Friday, 21 November 2014

Interview with Swedish Vision Zero expert

Vision Zero originated in Sweden in the late 90s and one of the people at the heart of the implementation has been Matts-Åke Belin who last week presented 15 years of progress to the Vision Zero Symposium in New York, a city which has adopted Vision Zero principles earlier this year and this month has reduced the speed limit to 40kph (still too high).



Here are excerpts from an interview with Sarah Goodyear:

Barriers to adoption

The largest resistance we got to the idea about Vision Zero was from those political economists that have built their whole career on cost-benefit analysis. For them it is very difficult to buy into “zero.” Because in their economic models, you have costs and benefits, and although they might not say it explicitly, the idea is that there is an optimum number of fatalities. A price that you have to pay for transport.
The other group that had trouble with Vision Zero was our friends, our expert friends. Because most of the people in the safety community had invested in the idea that safety work is about changing human behavior. Vision Zero says instead that people make mistakes, they have a certain tolerance for external violence, let’s create a system for the humans instead of trying to adjust the humans to the system.

A more human-friendly system 

Why should we put the whole responsibility on the individual road user, when we know they will talk on their phones, they will do lots of things that we might not be happy about?
In Vision Zero, the accident is not the major problem. The problem is that people get killed or seriously injured. And the reason that people get serious injuries is mainly because people have a certain threshold where we can tolerate external violence, kinetic energy. And we know quite well now how much violence we can tolerate.
If you have places in your system where you have unprotected road users and protected road users, according to Vision Zero you can’t allow a higher speed than 30kph.
Mistakes will happen all the time. In our societies now, we are so dependent on road transport, we need to allow almost everyone to use this technology. That brings it back to those of us who design the system: We need to design a system that supports these people so you don’t have catastrophic failure, i.e. KSIs

Read more here.


 

Wednesday, 19 November 2014

The people in charge of London roads do not understand safe road design

From the monstrous victim-blaming TfL Commissioner, Peter Hendy, to simpleton Councillors, like Phil Jones in Camden or Robert Benham in Havering, the people in charge of London roads have no clue on the principles of safe road design.

They are quick to blame victims or drivers, but refuse to learn the lessons from the killing fields.

Take the killing of Harry Keller & Colin Hicks in Romford last year. The couple was mowed down by a bus driver who ran a red light. The driver has been recently sentenced to 30 months in jail. For TfL and Havering Council, that is the end of the story: a rogue driver caused the death of two people.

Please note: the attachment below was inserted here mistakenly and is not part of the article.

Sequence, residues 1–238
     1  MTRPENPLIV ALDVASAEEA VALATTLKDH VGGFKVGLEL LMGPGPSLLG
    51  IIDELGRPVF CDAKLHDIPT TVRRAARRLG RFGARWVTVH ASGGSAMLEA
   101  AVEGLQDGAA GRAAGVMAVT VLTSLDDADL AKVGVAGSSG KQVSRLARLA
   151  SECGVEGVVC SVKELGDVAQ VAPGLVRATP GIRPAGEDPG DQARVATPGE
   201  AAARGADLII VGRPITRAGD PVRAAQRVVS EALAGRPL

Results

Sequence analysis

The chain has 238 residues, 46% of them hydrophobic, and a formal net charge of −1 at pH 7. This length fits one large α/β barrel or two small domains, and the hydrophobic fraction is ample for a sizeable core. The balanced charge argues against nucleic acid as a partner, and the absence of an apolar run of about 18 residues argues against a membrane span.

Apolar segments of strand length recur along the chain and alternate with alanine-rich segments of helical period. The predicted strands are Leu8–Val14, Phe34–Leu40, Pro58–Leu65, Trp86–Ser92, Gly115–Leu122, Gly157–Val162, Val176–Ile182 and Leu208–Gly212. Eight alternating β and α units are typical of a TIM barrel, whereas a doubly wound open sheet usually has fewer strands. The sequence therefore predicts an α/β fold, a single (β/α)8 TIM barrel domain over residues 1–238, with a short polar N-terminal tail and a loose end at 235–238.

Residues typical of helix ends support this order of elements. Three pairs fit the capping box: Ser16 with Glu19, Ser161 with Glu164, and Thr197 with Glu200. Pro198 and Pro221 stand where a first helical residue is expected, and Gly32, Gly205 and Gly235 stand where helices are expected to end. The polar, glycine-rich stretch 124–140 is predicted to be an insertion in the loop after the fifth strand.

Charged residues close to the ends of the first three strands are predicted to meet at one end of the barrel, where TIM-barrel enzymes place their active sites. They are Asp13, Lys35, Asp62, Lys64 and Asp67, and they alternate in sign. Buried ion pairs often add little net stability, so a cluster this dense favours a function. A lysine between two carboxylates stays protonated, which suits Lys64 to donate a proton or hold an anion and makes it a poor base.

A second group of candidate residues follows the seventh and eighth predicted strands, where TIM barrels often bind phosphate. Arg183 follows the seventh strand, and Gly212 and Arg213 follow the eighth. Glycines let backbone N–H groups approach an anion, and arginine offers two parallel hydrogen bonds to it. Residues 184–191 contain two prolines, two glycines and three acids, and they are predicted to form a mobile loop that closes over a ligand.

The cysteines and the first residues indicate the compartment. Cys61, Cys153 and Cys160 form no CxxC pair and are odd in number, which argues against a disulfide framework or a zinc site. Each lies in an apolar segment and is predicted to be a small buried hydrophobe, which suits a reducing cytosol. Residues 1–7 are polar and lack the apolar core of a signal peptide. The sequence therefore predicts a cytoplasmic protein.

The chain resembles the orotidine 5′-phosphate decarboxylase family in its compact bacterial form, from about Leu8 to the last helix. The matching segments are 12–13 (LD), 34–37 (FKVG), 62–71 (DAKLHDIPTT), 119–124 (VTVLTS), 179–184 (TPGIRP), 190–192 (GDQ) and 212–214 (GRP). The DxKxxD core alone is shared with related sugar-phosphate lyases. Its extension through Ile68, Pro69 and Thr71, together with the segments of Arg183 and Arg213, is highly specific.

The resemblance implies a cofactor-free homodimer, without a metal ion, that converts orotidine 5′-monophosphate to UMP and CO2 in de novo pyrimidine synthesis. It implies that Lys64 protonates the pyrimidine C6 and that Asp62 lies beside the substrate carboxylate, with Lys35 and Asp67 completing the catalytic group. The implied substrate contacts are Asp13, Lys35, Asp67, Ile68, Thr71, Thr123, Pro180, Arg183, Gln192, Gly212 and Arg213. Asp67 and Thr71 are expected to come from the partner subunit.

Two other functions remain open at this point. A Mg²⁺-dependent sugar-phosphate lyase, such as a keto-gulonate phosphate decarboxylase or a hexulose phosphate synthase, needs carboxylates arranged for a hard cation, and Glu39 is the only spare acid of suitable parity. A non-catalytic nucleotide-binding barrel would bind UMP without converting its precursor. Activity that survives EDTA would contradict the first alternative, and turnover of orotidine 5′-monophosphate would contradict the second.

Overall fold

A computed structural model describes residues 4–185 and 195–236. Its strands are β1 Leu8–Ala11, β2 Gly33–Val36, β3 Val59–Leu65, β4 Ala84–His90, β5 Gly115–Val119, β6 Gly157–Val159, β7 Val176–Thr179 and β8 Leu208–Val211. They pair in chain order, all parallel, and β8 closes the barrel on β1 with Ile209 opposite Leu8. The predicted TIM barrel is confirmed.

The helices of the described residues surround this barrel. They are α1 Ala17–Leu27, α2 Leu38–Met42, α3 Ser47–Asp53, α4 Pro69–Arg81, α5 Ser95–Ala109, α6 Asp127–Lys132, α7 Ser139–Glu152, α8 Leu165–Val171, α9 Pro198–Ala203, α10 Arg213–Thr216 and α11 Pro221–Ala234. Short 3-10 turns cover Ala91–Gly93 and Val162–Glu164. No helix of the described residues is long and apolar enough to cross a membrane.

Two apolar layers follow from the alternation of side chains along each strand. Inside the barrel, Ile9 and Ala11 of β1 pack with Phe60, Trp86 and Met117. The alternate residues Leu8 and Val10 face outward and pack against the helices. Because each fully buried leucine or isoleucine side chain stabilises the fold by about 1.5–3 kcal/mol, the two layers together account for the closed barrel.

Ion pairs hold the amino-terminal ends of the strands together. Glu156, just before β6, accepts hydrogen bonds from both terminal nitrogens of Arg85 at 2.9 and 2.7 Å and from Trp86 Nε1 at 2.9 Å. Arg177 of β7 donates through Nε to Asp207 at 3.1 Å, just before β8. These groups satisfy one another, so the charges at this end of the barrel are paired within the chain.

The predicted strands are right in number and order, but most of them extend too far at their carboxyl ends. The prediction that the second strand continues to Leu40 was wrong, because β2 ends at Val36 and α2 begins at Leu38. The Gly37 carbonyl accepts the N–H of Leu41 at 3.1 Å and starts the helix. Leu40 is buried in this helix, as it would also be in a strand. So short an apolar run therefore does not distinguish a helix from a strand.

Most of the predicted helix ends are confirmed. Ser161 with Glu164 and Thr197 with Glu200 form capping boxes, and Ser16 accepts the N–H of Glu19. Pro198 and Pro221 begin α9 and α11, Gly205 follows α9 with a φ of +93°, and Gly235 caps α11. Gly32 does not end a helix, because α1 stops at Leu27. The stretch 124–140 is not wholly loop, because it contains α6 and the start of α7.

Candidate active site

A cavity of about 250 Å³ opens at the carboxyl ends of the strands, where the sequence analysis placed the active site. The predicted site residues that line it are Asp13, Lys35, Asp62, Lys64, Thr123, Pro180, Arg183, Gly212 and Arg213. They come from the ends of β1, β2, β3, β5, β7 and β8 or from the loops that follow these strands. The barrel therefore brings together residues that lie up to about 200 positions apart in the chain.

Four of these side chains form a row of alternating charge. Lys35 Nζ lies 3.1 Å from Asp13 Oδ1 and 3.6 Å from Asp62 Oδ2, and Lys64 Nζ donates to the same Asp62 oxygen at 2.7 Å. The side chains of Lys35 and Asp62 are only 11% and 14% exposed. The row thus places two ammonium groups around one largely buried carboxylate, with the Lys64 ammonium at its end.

Any intelligent person would ask: "Why did someone with twenty years of experience driving buses do such an evil act?" The prosecutor at the trial said:
The driver pulled out from a lay-by 12 metres from the pedestrian crossing that already had been red for two-and-a-half seconds, continued accelerating towards the crossing which remained red. [CCTV] footage shows he did not slow down. He carried on over the stop line and drove head on into and over both Mr Keller and Mr Hicks narrowly missing a third pedestrian. The defendant simply did not see, or if he did, he did not register, both the victims at the pedestrian crossing.
And the idiot Judge William Kennedy's answer to why, was:
All those who drive: look in the mirror, tell me if you ever got to the end of the road and wondered what happened in the last 150 yards. Thank god in that 150 yards nothing dreadful happened. If anyone tells me that that’s never happened to them I will tell them I don’t believe them. A tragedy occurred inexplicable of proper decision.
i.e. "inexplicable behaviour" by the driver was the reason of the collision.

I often wonder if these people are just idiots or are so arrogant that they think we can just believe any idiocy that they say.



Dave Holladay, who is not an idiot, made these simple observations:

  • There are 27 (twentyseven!!!) bus routes stopping on this stretch of road
  • The speed limit is 30mph
  • The bus stop is only 15 metres from the pedestrian crossing
  • Bus drivers at the head of the bus stop have to pull out to progress; in other words, the driver instead of looking ahead to the pedestrian crossing, has to look to his side mirror to make sure no vehicle is coming at 30mph.

Suddenly we have a likely explanation of what happened; the "inexplicable behaviour" is simply due to the fact that bus drivers are tasked to look ahead for vulnerable pedestrians and at the same time look to the side mirror for oncoming traffic from behind. Most of the time, a human being can do it; but it is totally reasonable to expect an occasional failure, when a driver looks ahead, sees a green light and then spends too much time looking at the side mirror and fails to register that the light ahead has changed.

It is an error which should not be a death sentence for two people and a jail sentence for another.

The real error is designing what is basically a bus garage in the middle of a shopping centre, allowing vehicle to drive at 30mph and having conflicts of sight for drivers of buses.

Those are the errors which should be punished with jail sentences. 

David Holladay makes these simple recommendations:
  • 10mph speed limit (as in all bus depots)
  • zebra crossing (so drivers don’t rely on the lights)
  • bus stops should run straight to the road rather than be angled away from the pedestrian crossing (as is the case in the opposite direction)
In the two years prior to the killing of Keller and Hicks, there were five other collision at that crossing and yet Cllr Robert Benham, cabinet member for StreetCare, denied road design played a part in the deaths.

He should be the one serving time; as Tom Kearney said: They got the wrong guy

Sunday, 16 November 2014

National Funeral For The Unknown Victim Of Traffic Violence 15.11.14


Video by DrMorocho

Here is the speech by Tom Kearney:
I shouldn't be here today.

When the ambulance pitched up 27 minutes after a 15 ton TfL bus hit me in the head & chest on Oxford Street, I had no pulse from the bleeding out of my ears and mouth and I wasn't breathing through my two collapsed lungs.
The police had reported me as a fatal.
I shouldn't be here today. This could have been my funeral too.